Robotic "wingmen" could soon fly alongside American fighter jets in battle.
The Air Force Research Laboratory worked with Kratos Unmanned Aerial Systems to develop the XQ-58A Valkyrie, a long-range, unmanned aircraft that developers hope could improve combat operations.
The subsonic aircraft made its inaugural test flight on March 5 in Arizona. Five trial flights are being completed in two phases -- testing the aircraft for its functionality, aerodynamics and on-board systems.
Another test flight was completed on June 11. The flight was 71 minutes long, and officials said it met its test objectives.
That same month, technology journalist Jeremy Hsu described how the military hoped the aircraft might eventually fly ahead and scout enemy targets or even draw hostile fire away from human-piloted jets. Not only could that save American lives -- but also prevent the Air Force from losing other planes that cost more than $100 million apiece, according to NBC News.
For perspective, the Valkyrie is estimated to cost only $2-3 million.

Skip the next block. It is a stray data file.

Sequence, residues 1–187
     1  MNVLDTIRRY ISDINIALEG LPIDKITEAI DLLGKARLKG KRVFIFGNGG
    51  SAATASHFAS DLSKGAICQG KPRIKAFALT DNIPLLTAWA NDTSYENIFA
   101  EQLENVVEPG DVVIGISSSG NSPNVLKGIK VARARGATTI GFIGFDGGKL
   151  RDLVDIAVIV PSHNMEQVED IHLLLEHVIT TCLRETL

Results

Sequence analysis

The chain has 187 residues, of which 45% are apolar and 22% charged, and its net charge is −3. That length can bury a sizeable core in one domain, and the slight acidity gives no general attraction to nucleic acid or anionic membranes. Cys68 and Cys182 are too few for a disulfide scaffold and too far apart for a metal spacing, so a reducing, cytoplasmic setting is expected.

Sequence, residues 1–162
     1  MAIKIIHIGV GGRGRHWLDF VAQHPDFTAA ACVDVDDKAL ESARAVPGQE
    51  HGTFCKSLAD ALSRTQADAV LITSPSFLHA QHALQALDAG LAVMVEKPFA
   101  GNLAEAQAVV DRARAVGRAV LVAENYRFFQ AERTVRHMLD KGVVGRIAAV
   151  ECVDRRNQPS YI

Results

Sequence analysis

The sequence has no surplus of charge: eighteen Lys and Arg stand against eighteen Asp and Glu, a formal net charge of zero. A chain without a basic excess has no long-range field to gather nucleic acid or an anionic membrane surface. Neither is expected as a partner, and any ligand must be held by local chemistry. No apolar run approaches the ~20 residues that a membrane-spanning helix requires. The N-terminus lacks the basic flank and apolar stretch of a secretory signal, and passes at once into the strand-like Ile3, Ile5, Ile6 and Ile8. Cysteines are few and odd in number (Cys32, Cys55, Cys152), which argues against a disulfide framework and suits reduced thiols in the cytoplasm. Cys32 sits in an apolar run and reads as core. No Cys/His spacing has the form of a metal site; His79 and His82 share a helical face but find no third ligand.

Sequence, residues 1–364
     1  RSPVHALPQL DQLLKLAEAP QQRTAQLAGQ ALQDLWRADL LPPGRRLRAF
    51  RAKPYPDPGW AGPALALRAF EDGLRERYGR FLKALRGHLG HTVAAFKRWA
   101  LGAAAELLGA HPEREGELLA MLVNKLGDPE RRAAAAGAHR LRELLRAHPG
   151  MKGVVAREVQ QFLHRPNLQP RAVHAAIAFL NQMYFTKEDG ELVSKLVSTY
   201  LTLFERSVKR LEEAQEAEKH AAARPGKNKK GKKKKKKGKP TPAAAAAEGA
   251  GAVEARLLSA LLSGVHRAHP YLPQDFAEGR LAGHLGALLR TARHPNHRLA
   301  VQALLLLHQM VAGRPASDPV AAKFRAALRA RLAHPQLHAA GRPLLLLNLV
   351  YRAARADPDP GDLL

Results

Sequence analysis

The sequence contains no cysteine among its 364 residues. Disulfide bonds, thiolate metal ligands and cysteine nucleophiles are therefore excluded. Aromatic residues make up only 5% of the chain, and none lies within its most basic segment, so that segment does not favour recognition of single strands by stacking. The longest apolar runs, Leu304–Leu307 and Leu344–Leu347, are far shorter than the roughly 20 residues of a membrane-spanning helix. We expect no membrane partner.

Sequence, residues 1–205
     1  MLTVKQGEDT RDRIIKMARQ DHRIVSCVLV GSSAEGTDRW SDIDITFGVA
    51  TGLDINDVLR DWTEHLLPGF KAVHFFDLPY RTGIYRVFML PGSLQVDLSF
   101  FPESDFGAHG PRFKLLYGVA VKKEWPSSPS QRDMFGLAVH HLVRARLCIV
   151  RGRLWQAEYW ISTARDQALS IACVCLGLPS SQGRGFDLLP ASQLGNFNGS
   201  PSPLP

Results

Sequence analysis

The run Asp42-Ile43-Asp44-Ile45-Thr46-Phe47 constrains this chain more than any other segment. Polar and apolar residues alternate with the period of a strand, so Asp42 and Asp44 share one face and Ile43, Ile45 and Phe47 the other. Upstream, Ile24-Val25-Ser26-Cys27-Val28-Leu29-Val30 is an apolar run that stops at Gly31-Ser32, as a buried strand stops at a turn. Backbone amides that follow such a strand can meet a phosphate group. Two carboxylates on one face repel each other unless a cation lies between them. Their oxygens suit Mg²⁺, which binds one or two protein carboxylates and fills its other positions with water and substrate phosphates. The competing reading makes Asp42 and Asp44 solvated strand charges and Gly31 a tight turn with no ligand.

Program Manager Doug Szczublewski described the aircraft as being relatively low-cost and offering "game changing combat capability," according to a March statement released by the 88th Air Base Wing at Wright-Patterson Air Force Base in Ohio.
If you're wondering what makes the XQ-58A Valkyrie different from a drone, NBC says it would be flown with less input from human pilots on the ground. Instead, it would use artificial intelligence to navigate and actively respond to the needs of the fighter pilots it was joining in the sky.
"I wouldn't be surprised if the AI becomes tailored to individual pilots," Dr. Will Roper, assistant secretary of the Air Force for acquisition, technology and logistics, told NBC. "They're actually training their own AI that augments their strengths and weaknesses."
Another distinguishing factor that makes the Valkyrie different from drones is that it's jet-powered and nearly supersonic -- allowing it to keep pace with modern fighter jets, the Washington Post reported.
New Atlas says the aircraft has a 22-foot wingspan, a top speed of 652 mph and a range of almost 2,500 miles. It could carry eight weapons.
According to the Washington Post, the Pentagon has not yet formally committed to the project. That's a decision that may be made based on the results of the tests.
The newspaper says the XQ-58A Valkyrie is not alone. Boeing plans to test-fly its own "loyal wingman" aircraft next year after recently introducing a prototype at a trade show. Meanwhile, NBC says Germany and France have cut a two-year deal to build a next-generation fighter drone that could become an airborne command center for swarms of drones.
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